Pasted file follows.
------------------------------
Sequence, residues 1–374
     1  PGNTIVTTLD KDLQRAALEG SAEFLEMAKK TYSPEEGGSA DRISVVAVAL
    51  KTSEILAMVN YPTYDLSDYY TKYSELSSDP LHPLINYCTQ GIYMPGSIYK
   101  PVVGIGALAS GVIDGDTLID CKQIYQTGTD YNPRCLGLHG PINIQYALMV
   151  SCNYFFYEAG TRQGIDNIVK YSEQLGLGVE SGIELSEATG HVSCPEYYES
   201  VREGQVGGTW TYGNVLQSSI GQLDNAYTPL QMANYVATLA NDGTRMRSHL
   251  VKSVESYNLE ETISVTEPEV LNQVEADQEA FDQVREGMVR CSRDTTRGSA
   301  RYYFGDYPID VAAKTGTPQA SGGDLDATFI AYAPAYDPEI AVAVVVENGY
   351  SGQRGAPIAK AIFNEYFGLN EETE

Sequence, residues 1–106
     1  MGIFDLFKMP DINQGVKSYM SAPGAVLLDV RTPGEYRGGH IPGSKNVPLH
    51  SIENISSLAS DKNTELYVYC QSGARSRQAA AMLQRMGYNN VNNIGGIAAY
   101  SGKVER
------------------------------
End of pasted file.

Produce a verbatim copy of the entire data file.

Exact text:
Sequence, residues 1–374
     1  PGNTIVTTLD KDLQRAALEG SAEFLEMAKK TYSPEEGGSA DRISVVAVAL
    51  KTSEILAMVN YPTYDLSDYY TKYSELSSDP LHPLINYCTQ GIYMPGSIYK
   101  PVVGIGALAS GVIDGDTLID CKQIYQTGTD YNPRCLGLHG PINIQYALMV
   151  SCNYFFYEAG TRQGIDNIVK YSEQLGLGVE SGIELSEATG HVSCPEYYES
   201  VREGQVGGTW TYGNVLQSSI GQLDNAYTPL QMANYVATLA NDGTRMRSHL
   251  VKSVESYNLE ETISVTEPEV LNQVEADQEA FDQVREGMVR CSRDTTRGSA
   301  RYYFGDYPID VAAKTGTPQA SGGDLDATFI AYAPAYDPEI AVAVVVENGY
   351  SGQRGAPIAK AIFNEYFGLN EETE

Sequence, residues 1–106
     1  MGIFDLFKMP DINQGVKSYM SAPGAVLLDV RTPGEYRGGH IPGSKNVPLH
    51  SIENISSLAS DKNTELYVYC QSGARSRQAA AMLQRMGYNN VNNIGGIAAY
   101  SGKVER